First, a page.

16 results for “Yellow Hand, 1850?-1876”

Buffalo Bill's Duel With Yellow Hand

Buffalo Bill interrupted his stage career in 1876 to become an army scout. He took the scalp of a Cheyenne warrior, Yellow Hair, whose name was mistranslated as Yellow Hand. Cody incorporated this story into his performances when he returned to the stage, and displayed Yellow Hand's scalp as a mark of authenticity.

Date
1881
Subjects
Battle of the Little Bighorn
Cheyenne Indians
Frontier and pioneer life
Places
Great Plains
West (U.S.)
People
Buffalo Bill, 1846-1917
Yellow Hand, 1850?-1876
Underground Routes to Canada

Map showing routes used by African Americans fleeing slavery in the American South to free states in the North and to Canada. Before the Fugitive Slave Act of 1850, African Americans who escaped slavery could live and work in relative freedom in northern states, although they usually did not have full political equality. After 1850 many of these Americans moved on to Canada where slavery had been abolished in 1834.

Date
1899
Subjects
Emancipation
Slavery
Underground Railroad
Places
Canada
Indian shooting fish

A Native American man crouches at the bank of a river. He holds a bow and arrow and aims at the water.

Creator
Eastman, Seth, 1808-1875
Date
1853
Subjects
Fishing
Indians of North America
Places
Great Lakes Region
Emigrant Party on the Road to California

Hearing about the discovery of gold in California, many people headed westward along the Oregon-California Trail.

Date
1850
Subjects
Emigration and immigration
Gold Rush
Places
California
Utah
Speech of John Hossack on the Fugitive Slave Law

The Fugitive Slave Law of 1850 required the federal government to assist with retrieving runaway slaves even in free states like Illinois. In an act of civil disobedience, businessman John Hossack and seven others helped a runaway slave named Jim Grey escape from federal custody just as he was about to be sent back South. Convicted in a Chicago court, Hossack paid a $100 fine and spent ten days in jail, although he was released each day to dine with Chicago officials and prominent citizens. In his strongly worded defense, Hossack argued, “the parties who prostituted the constitution to the support of slavery, are traitors.”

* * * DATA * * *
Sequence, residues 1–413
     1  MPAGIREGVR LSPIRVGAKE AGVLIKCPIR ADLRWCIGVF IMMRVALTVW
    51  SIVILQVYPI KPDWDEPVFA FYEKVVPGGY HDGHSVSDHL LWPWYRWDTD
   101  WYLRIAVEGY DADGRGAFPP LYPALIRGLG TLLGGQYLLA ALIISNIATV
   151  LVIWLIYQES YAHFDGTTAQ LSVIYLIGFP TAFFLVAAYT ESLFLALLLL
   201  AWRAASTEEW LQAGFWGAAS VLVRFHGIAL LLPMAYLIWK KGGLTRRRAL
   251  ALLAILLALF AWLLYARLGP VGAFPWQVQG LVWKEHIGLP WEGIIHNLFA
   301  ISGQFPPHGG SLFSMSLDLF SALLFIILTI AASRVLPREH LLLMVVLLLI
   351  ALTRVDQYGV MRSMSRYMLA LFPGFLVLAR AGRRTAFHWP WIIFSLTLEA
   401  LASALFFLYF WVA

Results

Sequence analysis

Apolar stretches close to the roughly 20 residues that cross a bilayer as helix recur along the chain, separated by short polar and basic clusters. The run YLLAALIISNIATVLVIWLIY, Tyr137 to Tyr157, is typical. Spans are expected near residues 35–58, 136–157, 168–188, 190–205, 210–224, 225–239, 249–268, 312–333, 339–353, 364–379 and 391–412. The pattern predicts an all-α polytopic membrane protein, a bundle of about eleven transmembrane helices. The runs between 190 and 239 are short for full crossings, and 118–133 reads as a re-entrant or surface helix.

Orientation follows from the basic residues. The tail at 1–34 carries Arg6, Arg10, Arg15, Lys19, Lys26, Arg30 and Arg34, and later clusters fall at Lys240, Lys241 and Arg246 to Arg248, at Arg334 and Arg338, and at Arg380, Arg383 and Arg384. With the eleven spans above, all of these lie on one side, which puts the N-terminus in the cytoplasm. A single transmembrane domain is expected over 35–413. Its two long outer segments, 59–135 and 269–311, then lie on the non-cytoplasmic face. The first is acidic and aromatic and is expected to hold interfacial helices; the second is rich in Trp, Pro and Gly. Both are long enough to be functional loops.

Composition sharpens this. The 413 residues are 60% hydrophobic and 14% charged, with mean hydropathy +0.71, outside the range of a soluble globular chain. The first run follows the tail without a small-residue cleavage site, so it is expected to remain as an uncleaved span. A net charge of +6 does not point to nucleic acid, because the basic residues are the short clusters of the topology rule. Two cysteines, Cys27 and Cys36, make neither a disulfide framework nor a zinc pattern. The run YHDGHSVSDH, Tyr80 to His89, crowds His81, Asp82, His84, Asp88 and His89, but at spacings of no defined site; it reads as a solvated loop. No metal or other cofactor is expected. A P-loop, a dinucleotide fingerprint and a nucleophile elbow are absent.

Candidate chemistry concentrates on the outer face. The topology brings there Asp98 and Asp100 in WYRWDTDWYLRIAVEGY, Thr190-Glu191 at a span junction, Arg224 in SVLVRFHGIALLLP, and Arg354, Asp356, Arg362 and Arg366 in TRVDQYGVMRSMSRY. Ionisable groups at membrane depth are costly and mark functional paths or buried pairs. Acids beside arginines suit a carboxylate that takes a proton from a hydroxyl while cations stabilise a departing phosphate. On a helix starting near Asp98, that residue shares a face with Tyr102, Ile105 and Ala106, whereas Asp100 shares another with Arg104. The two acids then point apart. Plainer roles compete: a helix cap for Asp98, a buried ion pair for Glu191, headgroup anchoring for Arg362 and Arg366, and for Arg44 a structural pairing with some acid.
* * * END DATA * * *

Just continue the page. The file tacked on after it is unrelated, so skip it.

Creator
Hossack, John
Date
1860
Subjects
Law
Slavery
March of the Caravan

The author and engraver described the view of a caravan passing along the Santa Fe trail in what is now New Mexico: “As the caravan was passing under the northern base of the Round Mound, it presented a very fine and imposing spectacle to those who were upon its summit. The wagons marched slowly in four parallel columns, but in broken lines, often at intervals of many rods between them.” (pp. 101-102)

Creator
Gregg, Josiah, 1806-1850
Date
1844
Subjects
Emigration and immigration
Indians of North America
Places
Great Plains
Custer's Last Rally

In the preface to the book, the author, T. M. Newson, claims, “Most scenes described, and nearly all the incidents narrated, in the pages of this book, were part of my own personal experience of a residence of some thirty years on the frontier, and for which I can vouch as true, except, perhaps, the incidents of the last great battle of the lamented Custer with Sitting Bull, and for these I am indebted to one who was early on the ground after the conflict, and who has obtained from the Indians themselves what I deem to be a very accurate picture of the terrible struggle between contending forces.”

Date
1884
Subjects
Battle of the Little Bighorn
Indians of North America
Places
Little Bighorn Battlefield (Mont.)
People
Custer, George Armstrong, 1839-1876
Sitting Bull, 1834?-1890
Hogan'-Lu'Ta (Red Fish), "Custer as a White Man"

Painting on paper by the Native American artist Red Fish. The hand written caption, believed to be by Aaron McGaffey Beede who commissioned the work, reads “Custer as a white man/made by Red Fish/Indians believe Custer/has the “tonj” of an Indian.” The word “tonj” was usually translated as “spirit” in the 19th century, suggesting that Native Americans respected Custer as a fallen warrior. Another image by Red Fish (image #50) shows “Custer as a Comanche.”

Creator
Hogan'-Lu'Ta (Red Fish)
Date
n.d.
Subjects
Art
Indians of North America
People
Custer, George Armstrong, 1839-1876
Profile of Custer

The title page of Custer's memoir characterized it as “Being a Complete History of Indian Life, Warfare, and Adventure in America. Making Specially Prominent the Late Indian War, with Full Descriptions of The Messiah Craze, Ghost Dance, Life of Sitting Bull. The Whole Forms an Authentic and Complete History of the Savage Races in America-their Illustrious Leaders, Their Beliefs, Manners, and Customs, comprising Terrible Battles, Wonderful Escapes, Thrilling Tales of Heroism, Daring Exploits, Wonderful Fortitude, etc. etc.”

Date
1891
Places
Great Plains
People
Custer, George Armstrong, 1839-1876
Hogan'-Lu'Ta (Red Fish), "Custer as a Comanche"

Undated painting on cardboard with an annotation, “Custer as a Comanche.” A similar painting (image #202) depicts “Custer as a White Man.”

Creator
Hogan'-Lu'Ta (Red Fish)
Date
n.d.
Subjects
Art
Indians of North America
People
Custer, George Armstrong, 1839-1876